In the 1990s, I played trombone in a big band in the San Francisco Bay Area:
The leader, a famous jazz pianist who had worked with Benny Carter, Roy Eldridge, Clark Terry, the Supremes, and others, would often tell us jokes at rehearsals. The problem was that he would tell us the same jokes repeatedly, and the whole band would sit through the telling, trying to make themselves laugh at the punchline. Here’s one of the jokes he would tell us (I remember it because he told it several times):
A man was driving down the road when a policeman stopped him. The officer looked in the man’s car and said, “Why are there four penguins in your car?”
The man replied, “These are my penguins. They belong to me.”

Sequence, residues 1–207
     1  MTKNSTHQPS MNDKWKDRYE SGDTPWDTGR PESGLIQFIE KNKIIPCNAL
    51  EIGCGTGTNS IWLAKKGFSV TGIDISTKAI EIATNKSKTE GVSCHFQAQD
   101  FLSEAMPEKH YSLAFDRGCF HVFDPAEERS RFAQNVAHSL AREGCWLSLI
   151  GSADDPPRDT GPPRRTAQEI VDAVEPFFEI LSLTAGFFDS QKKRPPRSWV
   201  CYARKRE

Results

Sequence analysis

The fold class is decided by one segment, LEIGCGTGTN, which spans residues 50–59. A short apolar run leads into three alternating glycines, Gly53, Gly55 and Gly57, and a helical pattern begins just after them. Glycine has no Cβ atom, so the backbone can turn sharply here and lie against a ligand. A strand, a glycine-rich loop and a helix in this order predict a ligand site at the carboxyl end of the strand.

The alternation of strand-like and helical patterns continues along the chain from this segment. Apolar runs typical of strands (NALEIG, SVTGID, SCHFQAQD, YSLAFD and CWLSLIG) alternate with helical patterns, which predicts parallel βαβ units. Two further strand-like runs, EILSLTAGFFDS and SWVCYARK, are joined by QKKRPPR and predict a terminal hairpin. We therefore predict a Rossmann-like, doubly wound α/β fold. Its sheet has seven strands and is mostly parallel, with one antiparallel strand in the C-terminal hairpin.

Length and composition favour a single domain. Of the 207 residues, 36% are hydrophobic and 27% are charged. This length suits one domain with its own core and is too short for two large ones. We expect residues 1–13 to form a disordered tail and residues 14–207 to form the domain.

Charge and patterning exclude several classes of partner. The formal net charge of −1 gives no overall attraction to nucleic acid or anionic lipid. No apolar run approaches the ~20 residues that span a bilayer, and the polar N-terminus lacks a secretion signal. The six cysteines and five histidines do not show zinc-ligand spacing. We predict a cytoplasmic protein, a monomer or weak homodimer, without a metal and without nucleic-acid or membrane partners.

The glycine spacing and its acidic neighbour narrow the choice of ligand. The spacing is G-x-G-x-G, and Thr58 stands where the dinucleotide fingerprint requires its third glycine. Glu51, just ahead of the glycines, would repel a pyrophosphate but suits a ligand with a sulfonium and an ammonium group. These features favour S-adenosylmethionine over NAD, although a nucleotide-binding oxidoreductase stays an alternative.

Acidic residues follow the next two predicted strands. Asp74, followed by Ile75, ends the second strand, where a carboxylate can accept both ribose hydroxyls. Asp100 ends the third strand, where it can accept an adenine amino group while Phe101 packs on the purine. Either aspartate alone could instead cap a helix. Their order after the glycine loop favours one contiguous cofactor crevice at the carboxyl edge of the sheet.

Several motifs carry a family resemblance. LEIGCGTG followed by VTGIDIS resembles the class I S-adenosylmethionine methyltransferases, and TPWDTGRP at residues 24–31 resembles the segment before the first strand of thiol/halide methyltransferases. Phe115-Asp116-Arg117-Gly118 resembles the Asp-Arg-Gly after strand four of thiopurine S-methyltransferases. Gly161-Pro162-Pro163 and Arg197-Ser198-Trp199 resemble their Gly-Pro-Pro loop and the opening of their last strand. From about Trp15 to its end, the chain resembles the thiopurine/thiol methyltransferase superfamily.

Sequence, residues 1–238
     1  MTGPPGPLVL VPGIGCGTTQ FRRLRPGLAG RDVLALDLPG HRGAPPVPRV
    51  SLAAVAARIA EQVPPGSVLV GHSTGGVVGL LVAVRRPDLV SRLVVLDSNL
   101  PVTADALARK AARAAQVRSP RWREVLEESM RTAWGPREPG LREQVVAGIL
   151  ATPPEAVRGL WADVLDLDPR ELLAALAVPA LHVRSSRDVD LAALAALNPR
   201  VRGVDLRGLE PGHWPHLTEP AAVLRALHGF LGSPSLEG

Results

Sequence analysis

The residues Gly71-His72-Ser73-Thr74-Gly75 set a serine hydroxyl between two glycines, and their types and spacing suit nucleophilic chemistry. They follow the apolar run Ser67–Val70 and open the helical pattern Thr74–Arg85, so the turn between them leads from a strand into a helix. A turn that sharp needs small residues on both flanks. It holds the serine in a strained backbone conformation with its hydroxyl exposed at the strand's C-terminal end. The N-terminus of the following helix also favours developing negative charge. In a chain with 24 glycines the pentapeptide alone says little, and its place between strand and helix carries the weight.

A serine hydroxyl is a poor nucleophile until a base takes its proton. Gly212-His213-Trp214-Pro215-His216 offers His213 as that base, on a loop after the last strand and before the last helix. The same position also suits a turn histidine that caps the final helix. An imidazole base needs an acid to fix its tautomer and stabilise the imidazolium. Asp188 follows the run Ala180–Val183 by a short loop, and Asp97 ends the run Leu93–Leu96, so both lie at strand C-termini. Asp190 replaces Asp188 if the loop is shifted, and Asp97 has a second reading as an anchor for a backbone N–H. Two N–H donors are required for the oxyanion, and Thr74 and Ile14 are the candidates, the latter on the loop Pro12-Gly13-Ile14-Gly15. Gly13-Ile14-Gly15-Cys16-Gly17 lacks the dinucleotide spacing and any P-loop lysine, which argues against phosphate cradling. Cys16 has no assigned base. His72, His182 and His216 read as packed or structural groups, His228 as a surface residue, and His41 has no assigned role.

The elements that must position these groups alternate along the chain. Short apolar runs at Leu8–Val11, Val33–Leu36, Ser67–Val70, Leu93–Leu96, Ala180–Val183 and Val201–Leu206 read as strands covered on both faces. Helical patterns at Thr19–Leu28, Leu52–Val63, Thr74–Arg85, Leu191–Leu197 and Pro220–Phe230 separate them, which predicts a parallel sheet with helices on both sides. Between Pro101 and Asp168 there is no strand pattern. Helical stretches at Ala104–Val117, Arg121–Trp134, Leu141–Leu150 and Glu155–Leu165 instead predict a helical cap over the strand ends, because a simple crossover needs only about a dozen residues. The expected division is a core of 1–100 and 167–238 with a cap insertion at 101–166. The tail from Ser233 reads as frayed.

“Well, you need to take them to the zoo,” the policeman said.
The next day, the officer saw the same guy driving down the road. He pulled him over again. He saw the penguins were still in the car, but they were wearing sunglasses. “I thought I told you to take these penguins to the zoo!” the officer said.
“I did,” the man replied. “And today I’m taking them to the beach.”
I worry that I’ve started repeating myself. Recently, I was in the middle of telling my friend a story, and I stopped. “Have I told you this before?”
“Yeah,” he said. “Twice!”
Aargh! But I’ve learned that I’m not necessarily getting dementia. Research tells us that sometimes, even when we’re young, we may remember that we’ve told an anecdote, just not whom we’ve told it to.
So, from now on, that’s my story, and I’m sticking to it. Now, I’m going to go back over my old posts and make sure I haven’t talked about this before.
That’s my story too. I can remember whether I’ve told a story — but not to whom. 🙂